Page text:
Time Running Out At St. Bonaventure

August 23, 2013 | by Christopher Mote


Soon to tower no more: St. Bonaventure's steeple on North 9th Street | Photo: Bradley Maule

Soon to tower no more: St. Bonaventure’s steeple on North 9th Street | Photo: Bradley Maule

The former St. Bonaventure Roman Catholic Church will not tower over North Philadelphia for much longer.

With shingles and entire sections missing, St. Bonaventure's steeple is "imminently dangerous" | Photo: Bradley Maule

With shingles and entire sections missing, St. Bonaventure’s steeple is “imminently dangerous” | Photo: Bradley Maule

The Department of Licenses & Inspections is set to take action on the church’s deteriorating steeple due to the inaction of its owner, L&I spokesperson Rebecca Swanson said. The church’s condition is now classified as imminently dangerous, which gives the City the authority to perform emergency demolition work.

L&I is currently analyzing the structure of the Gothic revival church at Ninth and Cambria Streets to determine exactly how much must be demolished to make it safe. Besides the steeple, the church’s exterior walls are missing bricks and the roof is partially collapsed.

Swanson estimated that demolition work could commence within two weeks, after the job is bidded out to a City contractor and the owners—Bishop Carswell Jackson and the New Life Evangelistic Church—are given final notice.

St. Bonaventure was designed by prolific church architect Edwin Forrest Durang in 1894, construction completed in 1906. In 1993, it became one of a dozen churches shuttered by the Archdiocese, many of them in low-income neighborhoods of North Philadelphia. For photographs of the church’s interior, click HERE.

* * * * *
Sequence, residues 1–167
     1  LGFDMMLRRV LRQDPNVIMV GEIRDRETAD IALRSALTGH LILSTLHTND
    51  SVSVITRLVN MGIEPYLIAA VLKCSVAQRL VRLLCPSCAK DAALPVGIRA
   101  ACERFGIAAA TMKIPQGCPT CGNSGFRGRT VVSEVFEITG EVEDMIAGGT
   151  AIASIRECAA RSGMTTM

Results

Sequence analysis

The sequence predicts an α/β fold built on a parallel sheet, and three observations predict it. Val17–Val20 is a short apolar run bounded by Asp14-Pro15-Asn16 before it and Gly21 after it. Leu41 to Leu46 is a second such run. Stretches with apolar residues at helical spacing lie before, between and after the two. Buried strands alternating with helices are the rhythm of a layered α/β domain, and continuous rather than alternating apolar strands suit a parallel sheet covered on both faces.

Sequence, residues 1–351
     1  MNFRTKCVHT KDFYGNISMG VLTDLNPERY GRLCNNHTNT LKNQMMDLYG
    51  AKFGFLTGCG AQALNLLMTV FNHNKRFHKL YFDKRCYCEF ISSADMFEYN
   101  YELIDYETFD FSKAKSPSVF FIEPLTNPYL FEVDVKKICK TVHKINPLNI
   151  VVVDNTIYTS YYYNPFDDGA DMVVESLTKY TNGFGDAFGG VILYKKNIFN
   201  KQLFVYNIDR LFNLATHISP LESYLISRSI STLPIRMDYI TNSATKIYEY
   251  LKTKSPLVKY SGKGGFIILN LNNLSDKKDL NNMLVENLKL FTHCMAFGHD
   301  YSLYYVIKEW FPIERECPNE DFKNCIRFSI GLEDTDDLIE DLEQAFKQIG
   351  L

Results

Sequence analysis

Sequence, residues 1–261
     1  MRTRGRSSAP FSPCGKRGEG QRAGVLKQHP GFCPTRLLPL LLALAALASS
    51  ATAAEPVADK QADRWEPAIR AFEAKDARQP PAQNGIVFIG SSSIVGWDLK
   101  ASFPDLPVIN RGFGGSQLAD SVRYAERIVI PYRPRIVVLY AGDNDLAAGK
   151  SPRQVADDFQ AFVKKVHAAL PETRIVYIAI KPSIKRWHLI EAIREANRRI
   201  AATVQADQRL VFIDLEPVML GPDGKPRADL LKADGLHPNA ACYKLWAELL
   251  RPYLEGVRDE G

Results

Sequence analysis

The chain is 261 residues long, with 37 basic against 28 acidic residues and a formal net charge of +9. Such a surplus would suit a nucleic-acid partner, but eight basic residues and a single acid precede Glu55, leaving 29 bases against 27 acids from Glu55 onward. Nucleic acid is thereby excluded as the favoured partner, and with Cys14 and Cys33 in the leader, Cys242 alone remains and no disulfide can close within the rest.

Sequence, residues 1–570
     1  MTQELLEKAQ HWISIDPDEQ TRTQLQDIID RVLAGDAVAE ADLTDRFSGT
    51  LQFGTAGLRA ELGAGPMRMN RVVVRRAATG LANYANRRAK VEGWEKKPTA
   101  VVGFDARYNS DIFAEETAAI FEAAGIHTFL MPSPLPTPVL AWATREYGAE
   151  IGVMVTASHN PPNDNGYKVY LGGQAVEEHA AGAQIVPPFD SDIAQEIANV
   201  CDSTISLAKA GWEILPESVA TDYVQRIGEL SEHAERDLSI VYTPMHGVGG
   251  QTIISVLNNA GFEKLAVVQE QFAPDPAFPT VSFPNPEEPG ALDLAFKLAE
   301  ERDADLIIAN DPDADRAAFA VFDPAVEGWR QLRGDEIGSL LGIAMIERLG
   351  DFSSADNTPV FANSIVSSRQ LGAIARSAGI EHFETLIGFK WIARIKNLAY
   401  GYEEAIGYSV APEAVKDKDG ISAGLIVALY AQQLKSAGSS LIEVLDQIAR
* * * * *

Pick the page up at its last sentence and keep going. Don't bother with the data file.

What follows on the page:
The church was cited for violations after near neighbors complained about slate shingles from the spire falling onto the street. The case was sent to Equity Court, but according to Swanson, it never moved forward because L&I could not reach the owners via secured mail.

However, sources close to Jackson report that he was aware of the deadline that the City had given him, as he had hoped to raise funds to stabilize the steeple before the church became imminently dangerous.

St. Bonaventure and the Quaker-owned Fair Hill Burial Ground (opened 1703) have been neighbors for 119 years | Photo: Bradley Maule

St. Bonaventure and the Quaker-owned Fair Hill Burial Ground (opened 1703) have been neighbors for 119 years | Photo: Bradley Maule

Jackson’s network of churches is headquartered in northern New Jersey. He did not respond to requests for comment.

Demolition costs, which would be taken out as a lien against the property, could run into the hundreds of thousands of dollars. Swanson said that the contractor will adhere to strict safety assessments to protect residents on the block and the foundations of the adjacent buildings.

The New Life congregation had been using the red brick building to the south—the original St. Bonaventure school and church, which dates from 1890—for worship and Sunday school services. The former St. Bonaventure parish house to the north, now occupied by Women of Excellence, a shelter for the homeless, and the former rectory to the rear of the church on Hutchinson Street used by Hannah House, a reentry program for women, are in good condition.

* * *

Michael Greenle contributed to the reporting of this story.

For photos of the interior by Chandra Lampreich, see HERE.


About the Author

Christopher Mote Christopher Mote covers stories of preservation, planning, zoning and development. He lives in South Philadelphia and has a special fondness for brownstone churches and mansard roofs.


  1. Alex says:

    I think the saddest part in all of this is that the church will come down without anyone attempting to do anything about it. Such is the state of historical preservation in Philadelphia…

  2. Davis says:

    The photo from Fairhill Cemetery says it all – what we will lose all on account of The Almighty Dollar.

  3. Tony says:

    Are the owners even trying to unload this? I know churches are hard to reuse, but . . .

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